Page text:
Rhetoric moment: The key to writing a good essay
One key feature distinguishes the essay from other forms of writing: It must make a point. This point doesn’t have to be specifically stated, but it must always be there; there must always be an underlying “moral of the story” that gives meaning to the essay. In English composition, this underlying point is known as the thesis.
First, there’s figuring out exactly what point you want to make. It’s OK if you’re not exactly sure when you begin writing your essay. You may discover your true thesis somewhere along the line as you are writing. You may not even have a vague idea of your thesis at first, and it may be that through your writing you eventually arrive at a thesis.
Or you may start with a clear idea of what you want to prove, and that’s OK, too. Some people write better with the road map that a thesis provides. If you’re that sort of person, you might want to write out your thesis on a yellow sticky note and stick it to the frame of your computer monitor as you write, so you can keep on track.
Here are some characteristics of the thesis:
· It is a complete sentence. It contains a subject and a complete verb, and it can stand alone. “Pickup trucks” is not a thesis, since it’s not a complete sentence – it’s just a topic. On the other hand, “Pickup trucks are not just for cowboys any more” is a thesis, since it’s a complete sentence and it also meets the other criteria to be a thesis.
· It expresses an opinion, not a fact. If, on a clear day, I look out the window and say, “The sky is blue,” that is something that is observable and verifiable, and that is not subject to contradiction, except possibly by my teenage son, whose duty it is to contradict everything I say. Thus, “the sky is blue” is not a legitimate thesis.
· Not only does it express an opinion; it expresses an opinion that is debatable, that will not be automatically agreed with by just about everyone. I could say “Child abuse is bad,” and that would indeed be an opinion, since it involves a value judgment. But I’m not likely to find many people who would disagree with me. To be a good thesis, it has to be something about which there is disagreement. If, instead, I were to say, “Because child abuse is bad, parents who abuse their children should be sterilized,” then I would have a thesis, because I would have something that a lot of people would argue about.
· It can’t be a question. It must be a statement. However, if you have a question, the answer to it might be a good thesis. Thus, “Is democracy the best form of government?” is not a thesis, but if you answer either “Yes, it is,” or, more challenging to prove, “No, it isn’t,” you have a thesis. If you’re dealing with a controversial topic in which you’re trying to bring the opposing side to your point of view, you may leave the question unanswered at first and bring the reader to your answer by the end of the essay – but at some point you are going to have to answer the question and answer it clearly.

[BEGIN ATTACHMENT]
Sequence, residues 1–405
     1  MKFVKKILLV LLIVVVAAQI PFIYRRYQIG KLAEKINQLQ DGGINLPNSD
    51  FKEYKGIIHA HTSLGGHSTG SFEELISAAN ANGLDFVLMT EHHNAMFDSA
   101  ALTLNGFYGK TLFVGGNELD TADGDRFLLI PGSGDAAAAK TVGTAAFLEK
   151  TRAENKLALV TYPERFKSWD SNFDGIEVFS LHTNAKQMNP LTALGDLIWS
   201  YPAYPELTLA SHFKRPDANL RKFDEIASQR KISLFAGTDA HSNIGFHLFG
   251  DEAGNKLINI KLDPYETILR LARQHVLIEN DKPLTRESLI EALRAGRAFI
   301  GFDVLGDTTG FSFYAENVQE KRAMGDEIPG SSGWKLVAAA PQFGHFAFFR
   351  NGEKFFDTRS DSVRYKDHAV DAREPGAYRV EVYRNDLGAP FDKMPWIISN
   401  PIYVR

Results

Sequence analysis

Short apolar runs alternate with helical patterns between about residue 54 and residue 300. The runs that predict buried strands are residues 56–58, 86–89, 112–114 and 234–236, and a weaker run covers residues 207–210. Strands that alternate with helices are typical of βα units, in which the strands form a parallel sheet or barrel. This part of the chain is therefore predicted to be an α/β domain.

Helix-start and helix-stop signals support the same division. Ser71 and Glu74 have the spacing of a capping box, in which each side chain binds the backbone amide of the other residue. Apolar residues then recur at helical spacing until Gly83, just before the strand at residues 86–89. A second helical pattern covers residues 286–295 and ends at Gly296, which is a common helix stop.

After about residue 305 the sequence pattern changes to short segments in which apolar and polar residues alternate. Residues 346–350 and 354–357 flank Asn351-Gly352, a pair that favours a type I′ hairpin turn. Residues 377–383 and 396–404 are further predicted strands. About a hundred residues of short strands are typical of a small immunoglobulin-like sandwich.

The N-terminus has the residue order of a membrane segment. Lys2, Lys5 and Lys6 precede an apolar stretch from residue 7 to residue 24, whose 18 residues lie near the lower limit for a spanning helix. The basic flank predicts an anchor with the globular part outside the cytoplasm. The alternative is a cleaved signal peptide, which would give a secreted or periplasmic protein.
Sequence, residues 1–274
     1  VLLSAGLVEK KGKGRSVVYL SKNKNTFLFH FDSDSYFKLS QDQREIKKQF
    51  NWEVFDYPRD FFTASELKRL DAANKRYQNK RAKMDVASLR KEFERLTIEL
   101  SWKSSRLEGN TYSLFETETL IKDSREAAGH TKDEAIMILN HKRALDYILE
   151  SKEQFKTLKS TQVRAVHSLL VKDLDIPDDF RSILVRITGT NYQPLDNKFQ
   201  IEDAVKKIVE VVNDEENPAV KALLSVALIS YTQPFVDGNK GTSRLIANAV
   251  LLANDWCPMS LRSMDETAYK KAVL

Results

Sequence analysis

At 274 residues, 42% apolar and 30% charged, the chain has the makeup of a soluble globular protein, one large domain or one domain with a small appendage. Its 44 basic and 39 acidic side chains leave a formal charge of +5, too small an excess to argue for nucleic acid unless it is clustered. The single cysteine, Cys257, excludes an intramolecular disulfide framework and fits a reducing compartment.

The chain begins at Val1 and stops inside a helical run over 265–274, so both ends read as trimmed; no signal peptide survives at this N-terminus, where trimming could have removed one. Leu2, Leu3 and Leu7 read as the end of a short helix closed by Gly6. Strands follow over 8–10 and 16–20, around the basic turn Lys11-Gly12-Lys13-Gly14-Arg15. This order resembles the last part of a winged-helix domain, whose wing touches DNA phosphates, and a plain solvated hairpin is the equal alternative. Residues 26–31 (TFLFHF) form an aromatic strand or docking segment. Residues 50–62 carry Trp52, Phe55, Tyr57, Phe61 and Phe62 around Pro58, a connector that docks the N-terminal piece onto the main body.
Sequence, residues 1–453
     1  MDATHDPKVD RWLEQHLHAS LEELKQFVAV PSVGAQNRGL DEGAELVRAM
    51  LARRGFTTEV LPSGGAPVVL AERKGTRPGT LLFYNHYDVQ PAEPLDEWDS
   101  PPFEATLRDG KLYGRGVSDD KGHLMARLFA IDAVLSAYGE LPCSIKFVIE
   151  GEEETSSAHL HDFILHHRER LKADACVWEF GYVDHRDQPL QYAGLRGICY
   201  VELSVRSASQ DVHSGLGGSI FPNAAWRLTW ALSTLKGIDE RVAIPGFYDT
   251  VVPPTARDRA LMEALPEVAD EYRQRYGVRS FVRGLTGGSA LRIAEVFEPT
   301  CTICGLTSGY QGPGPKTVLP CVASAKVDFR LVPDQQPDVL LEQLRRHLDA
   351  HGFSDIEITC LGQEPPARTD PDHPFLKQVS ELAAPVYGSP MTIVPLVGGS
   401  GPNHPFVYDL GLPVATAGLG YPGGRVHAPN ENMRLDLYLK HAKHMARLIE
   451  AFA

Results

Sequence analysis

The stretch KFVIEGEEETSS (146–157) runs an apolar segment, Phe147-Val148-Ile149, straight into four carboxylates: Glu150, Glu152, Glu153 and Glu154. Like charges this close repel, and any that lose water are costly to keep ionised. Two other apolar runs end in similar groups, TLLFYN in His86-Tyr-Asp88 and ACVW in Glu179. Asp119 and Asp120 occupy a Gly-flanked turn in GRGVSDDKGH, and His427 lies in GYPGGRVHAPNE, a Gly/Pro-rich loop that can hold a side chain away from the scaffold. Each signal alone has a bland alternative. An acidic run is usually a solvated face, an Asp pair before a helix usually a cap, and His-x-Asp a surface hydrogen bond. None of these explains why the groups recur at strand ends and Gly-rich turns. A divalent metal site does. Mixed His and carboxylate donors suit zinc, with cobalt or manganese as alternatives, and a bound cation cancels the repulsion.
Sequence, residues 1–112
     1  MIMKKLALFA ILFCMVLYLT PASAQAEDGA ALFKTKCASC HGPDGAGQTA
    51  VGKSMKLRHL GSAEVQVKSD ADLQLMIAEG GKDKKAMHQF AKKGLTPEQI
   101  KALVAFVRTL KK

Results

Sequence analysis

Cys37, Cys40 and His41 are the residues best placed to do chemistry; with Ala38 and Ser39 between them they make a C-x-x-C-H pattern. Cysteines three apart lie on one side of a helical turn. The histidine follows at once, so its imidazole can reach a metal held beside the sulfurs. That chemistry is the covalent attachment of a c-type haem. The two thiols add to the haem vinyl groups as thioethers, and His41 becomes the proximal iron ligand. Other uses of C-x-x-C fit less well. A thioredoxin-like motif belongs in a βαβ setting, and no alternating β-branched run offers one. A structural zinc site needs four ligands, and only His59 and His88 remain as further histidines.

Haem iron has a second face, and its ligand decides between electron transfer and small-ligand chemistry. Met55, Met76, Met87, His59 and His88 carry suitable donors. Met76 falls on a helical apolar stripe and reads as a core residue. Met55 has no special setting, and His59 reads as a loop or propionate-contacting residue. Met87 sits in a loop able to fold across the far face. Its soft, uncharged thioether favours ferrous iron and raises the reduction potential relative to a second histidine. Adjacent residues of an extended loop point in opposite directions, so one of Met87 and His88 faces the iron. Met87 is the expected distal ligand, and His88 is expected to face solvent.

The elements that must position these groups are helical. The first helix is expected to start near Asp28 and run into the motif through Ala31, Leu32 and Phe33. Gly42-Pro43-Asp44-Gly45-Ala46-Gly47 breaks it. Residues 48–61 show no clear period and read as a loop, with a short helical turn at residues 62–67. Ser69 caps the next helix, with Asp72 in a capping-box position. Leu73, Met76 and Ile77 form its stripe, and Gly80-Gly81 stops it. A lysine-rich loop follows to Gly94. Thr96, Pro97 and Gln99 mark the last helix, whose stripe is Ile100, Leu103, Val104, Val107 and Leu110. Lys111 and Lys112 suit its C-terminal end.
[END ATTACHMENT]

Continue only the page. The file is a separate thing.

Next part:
So having a good thesis is crucial to having a good essay. The second part of writing a good essay is proving that thesis.
This is where you start thinking like a lawyer. You’re Jack McCoy, and you’re presenting evidence to the jury to prove your case. (Yeah, I know, McCoy’s now the boss, so he’s not in the courtroom any more, but maybe you’re an assistant DA on his staff.) A good lawyer doesn’t say, “I just know John Doe shot Joe Blow, so there,” and then sit down. A good lawyer will present supporting evidence, such as ballistics reports that show the bullet found in Joe Blow’s body matches John Doe’s gun, and witnesses who saw the two men arguing just before the shots rang out, and so on and so forth. And the defense lawyer is going to present other evidence to try to prove that Doe didn’t shoot Blow, and you’ll have to counter that evidence.
When you’re writing your essay, you have to provide the same sort of supporting evidence that is needed in a criminal trial. And you have to anticipate what the opposition is likely to say, and refute that point of view. You want to present solid evidence, and you want to explain it thoroughly, and you want to make sure that the evidence that you present counters the evidence that the other side presents.
This even goes to the structure of the essay. In a trial, the lawyers start by explaining what they’re going to prove and how they’re planning to prove it. Then they go through all of the evidence, the witnesses, the expert testimony, and all of that stuff. Then, at the end of the trial, they sum everything up for the jury, to remind the jury of all of the testimony and evidence that has been presented – and they try to end on a note that resounds with the jury. That’s just the same as the introduction, body, and conclusion of an essay.
So when you’re writing an essay, stop thinking of yourself as writing something nice to please your instructor. Think of yourself as a lawyer proving your case. Give me solid evidence that’s going to make an impact on the jury.
The big difference, if you’re writing an essay, is that you may not be dealing with life-or-death or earth-shaking issues. “Pickup trucks are not just for cowboys any more”: Present evidence to show that these versatile vehicles are great for housewives taking large dogs to the vet, and for teenagers and young adults who give them spiffy paint jobs and lots of chrome and cruise up and down Montgomery every Friday and Saturday night. “Setting up a salt-water aquarium is a fun and rewarding hobby”: Give lots of evidence to show how much you have enjoyed setting up your own aquarium.
So that’s the key to writing an essay – have a point to prove, and provide evidence to prove it.